Data Integrity Matters | Why is Data Integrity Important?

By May 10, 2017

Definition: Da·ta In·teg·ri·ty

Data provides the evidential support that a hypothesis is true or false. This might be a hypothesis that an academic theory can be proved, that food is safe for consumption, that water is free from contamination, that a new drug is safe and/or efficacious, or that a manufactured pharmaceutical meets the quality specifications set out for it.

So long as data exists to support that hypothesis, everyone is assured. It’s data after all: The proof and evidence we need.

However, behind that data are humans – with pressures, emotional and personal needs to provide the best possible data for the biggest impact, personal pride, or simply a desire to make their lives easier.

Nowhere are those pressures to perform greater than in academia, but do human or cultural factors affect scientists in regulated laboratories or operators in manufacturing areas? The answer is surprisingly yes.

This is where the Integrity part of Data Integrity comes in.

The FDA historically lived by the quotation from W.Edwards Deming (the father of modern quality management):
In God we trust. All others bring data
. So we did and it was trusted. Regulators use the data to assure themselves that, when they are not physically on site, the QA department are reviewing test results and intercepting product or data points that fails based on those test results.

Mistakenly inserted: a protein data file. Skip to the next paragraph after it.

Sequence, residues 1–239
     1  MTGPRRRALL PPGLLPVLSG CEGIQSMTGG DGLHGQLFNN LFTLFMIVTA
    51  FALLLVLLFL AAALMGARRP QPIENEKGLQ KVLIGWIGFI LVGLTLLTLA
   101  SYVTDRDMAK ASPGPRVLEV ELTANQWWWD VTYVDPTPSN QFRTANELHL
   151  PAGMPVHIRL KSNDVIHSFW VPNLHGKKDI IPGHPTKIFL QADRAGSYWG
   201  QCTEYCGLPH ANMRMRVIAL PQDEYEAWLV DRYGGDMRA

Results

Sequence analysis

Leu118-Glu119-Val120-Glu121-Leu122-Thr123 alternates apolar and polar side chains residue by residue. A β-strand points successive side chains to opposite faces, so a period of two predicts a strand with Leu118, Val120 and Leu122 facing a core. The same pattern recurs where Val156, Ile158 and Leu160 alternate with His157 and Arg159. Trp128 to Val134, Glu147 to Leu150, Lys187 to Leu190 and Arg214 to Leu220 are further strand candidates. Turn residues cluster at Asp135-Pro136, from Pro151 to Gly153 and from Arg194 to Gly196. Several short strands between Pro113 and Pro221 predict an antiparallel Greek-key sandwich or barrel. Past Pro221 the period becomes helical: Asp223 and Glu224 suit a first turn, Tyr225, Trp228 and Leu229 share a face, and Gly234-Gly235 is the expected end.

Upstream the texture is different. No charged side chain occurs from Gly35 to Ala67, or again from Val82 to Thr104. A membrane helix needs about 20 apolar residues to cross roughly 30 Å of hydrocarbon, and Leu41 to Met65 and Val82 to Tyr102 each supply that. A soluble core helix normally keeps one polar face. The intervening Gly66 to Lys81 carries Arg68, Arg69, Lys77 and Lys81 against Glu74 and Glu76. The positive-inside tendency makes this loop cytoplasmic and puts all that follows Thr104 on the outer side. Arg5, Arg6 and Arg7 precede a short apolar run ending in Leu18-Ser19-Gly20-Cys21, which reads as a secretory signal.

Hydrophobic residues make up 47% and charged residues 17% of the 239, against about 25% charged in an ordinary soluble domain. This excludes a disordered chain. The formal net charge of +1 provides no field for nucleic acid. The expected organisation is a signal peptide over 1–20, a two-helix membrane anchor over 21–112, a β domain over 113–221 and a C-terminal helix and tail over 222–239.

In God we trust. All others bring data. Click To Tweet

Fast forward a few years. There’s a new saying that speaks to that same idea: the FDA is not your QA department. Now both the regulator and the QA department need to trust the data as well as the human analysts that created it, reviewed it, and approved it. FDA’s 21 CFR Part 211.194 outlines what data is expected to be available to support GMP analyses and this includes all the data and all the calculations performed.

Most data integrity concerns observed by U.S. regulators cite this regulation because they find that the data included in the official records (often paper records but sometimes stored in a Laboratory Information Management Systems, or LIMS) is not the complete data. Other versions of the truth (alternative facts) exist in the electronic records, yet never became part of the official record. These results have been excluded by oversight, without scientifically justified invalidation or deliberately to deceive. The existence of this “orphan data” (never reviewed, investigated, assessed, justified, or included in official records) has broken the trust of regulators.

Today, laboratories need to prove their data integrity and regain the trust of regulators, focusing on the existence of “orphan data” and what it might be hiding.

In a later blog, I will talk about the causes of lapses in integrity and the possible scenarios which should be considered in developing a culture of quality.


Read more articles in Heather Longden’s blog series, Data Integrity Matters.

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Categories: Regulatory Center